Academic journal article Texas Law Review

Of Cabbages and Kings: A Review of Our Undemocratic Constitution by Sanford Levinson*

Academic journal article Texas Law Review

Of Cabbages and Kings: A Review of Our Undemocratic Constitution by Sanford Levinson*

Article excerpt

Of Cabbages and Kings: A Review of Our Undemocratic Constitution by Sanford Levinson* OUR UNDEMOCRATIC CONSTITUTION: WHERE THE CONSTITUTION GOES WRONG (AND How WE THE PEOPLE CAN CORRECT IT). By Sanford Levinson.[dagger] New York, NY: Oxford University Press, 2006. Pp. 233. $28.00.

Reviewed by Charles D. Kelso** & R. Randall Kelso***

Professor Levinson hopes that by publishing his concise, 23 3-page book, Our Undemocratic Constitution: Where the Constitution Goes Wrong (and How We the People Can Correct It),1 he will generate thought and action in support of a referendum by Americans requesting Congress to call a constitutional convention empowered to draft a new constitution for submission to the electorate.2 Professor Levinson opens his book by making clear his support for the goals stated in the Preamble of the United States Constitution,3 that is, "to form a more perfect Union, establish Justice, insure domestic Tranquility, provide for the common defence, promote the general Welfare, and secure the Blessings of Liberty to ourselves and our Posterity."4 However, he has constructed an extensive critique of many constitutional provisions that were drafted by the Framers to implement the Preamble's stated goals but that, he says, are unfit for our government today. He expresses this in his subtitle: Where the Constitution Goes Wrong (and How We the People Can Correct It).

Professor Levinson's concerns appear based in part on some outcomes of our current constitutional structure and processes with which he finds fault, such as the election of President George W. Bush in 2000 by operation of the electoral college, rather than by majority vote of the people.5 More importantly, his concerns appear to be based on the fact that the existing Constitution does not comply with a general principle he considers fundamental for a democracy: government in accord with what the people want, as expressed in election returns, assuming a very broad electorate, with each person's vote counting the same. Examples violating that principle abound in his book. For example, California and Wyoming both have two senators, and yet California has almost seventy times the population of Wyoming.6 Levinson's basic majoritarian principle encompasses support not only for protection of the right to vote but also for the rights-protective clauses of the Constitution, such as the Bill of Rights, which he says are "required for membership in a republican political order."7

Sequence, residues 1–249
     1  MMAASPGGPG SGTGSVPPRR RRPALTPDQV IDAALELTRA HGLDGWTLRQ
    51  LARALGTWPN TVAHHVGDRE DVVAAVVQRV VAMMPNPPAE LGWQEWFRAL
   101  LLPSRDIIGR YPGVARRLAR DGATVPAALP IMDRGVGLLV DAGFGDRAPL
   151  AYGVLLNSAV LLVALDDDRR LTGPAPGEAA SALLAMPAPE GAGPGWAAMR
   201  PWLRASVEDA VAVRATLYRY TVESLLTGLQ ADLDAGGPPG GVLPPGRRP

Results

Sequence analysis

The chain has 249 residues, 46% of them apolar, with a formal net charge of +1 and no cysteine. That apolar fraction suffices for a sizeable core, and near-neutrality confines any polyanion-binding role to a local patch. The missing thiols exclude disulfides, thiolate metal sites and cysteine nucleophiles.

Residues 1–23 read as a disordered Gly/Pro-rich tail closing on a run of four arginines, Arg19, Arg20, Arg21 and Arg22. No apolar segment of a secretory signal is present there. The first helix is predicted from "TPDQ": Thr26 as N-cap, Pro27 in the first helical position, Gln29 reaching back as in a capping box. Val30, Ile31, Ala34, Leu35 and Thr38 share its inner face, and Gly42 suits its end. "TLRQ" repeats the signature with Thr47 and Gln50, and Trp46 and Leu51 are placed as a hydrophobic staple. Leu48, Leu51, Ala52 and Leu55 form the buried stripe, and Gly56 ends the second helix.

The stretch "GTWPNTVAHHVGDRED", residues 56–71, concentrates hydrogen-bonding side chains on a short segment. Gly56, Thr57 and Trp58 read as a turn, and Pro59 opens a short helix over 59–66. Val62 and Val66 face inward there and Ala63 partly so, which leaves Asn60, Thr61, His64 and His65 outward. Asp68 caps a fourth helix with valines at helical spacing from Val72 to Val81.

For the Constitution to comply with his basic principle, Levinson says it would be necessary to repair many clauses of the Constitution so that:

1. if bicameralism continues, the allocation of power in the Senate takes better account of population;8

2. current-age, duration-of-citizenship, and residence requirements to be a member of Congress are altered to expand the number of persons eligible to serve;9

3. the electoral college is abandoned in favor of nationwide, direct voting for the president;10

4. a newly elected president takes office shortly after the election;11

5. presidential power is more limited, and it is easier to remove an incompetent president, but the limit on two terms should be removed, as should the "natural-born" requirement;12

6. life tenure for Supreme Court Justices is abandoned;13

7. the amending process is simplified to make it easier to change the Constitution;14 and

8. provisions are added to deal with the problem of the continuity of government following a catastrophic terrorist attack.15

According to Levinson, these proposed changes would tend to ensure that the small states do not have an excessive influence in the Senate;16 that the president feels a greater need to pay attention to the public;17 that the perceptions of the Justices are framed more on the basis of contemporary events;18 and, as a consequence, that federal policy making would conform more closely to the desires of a current majority of all the people. …

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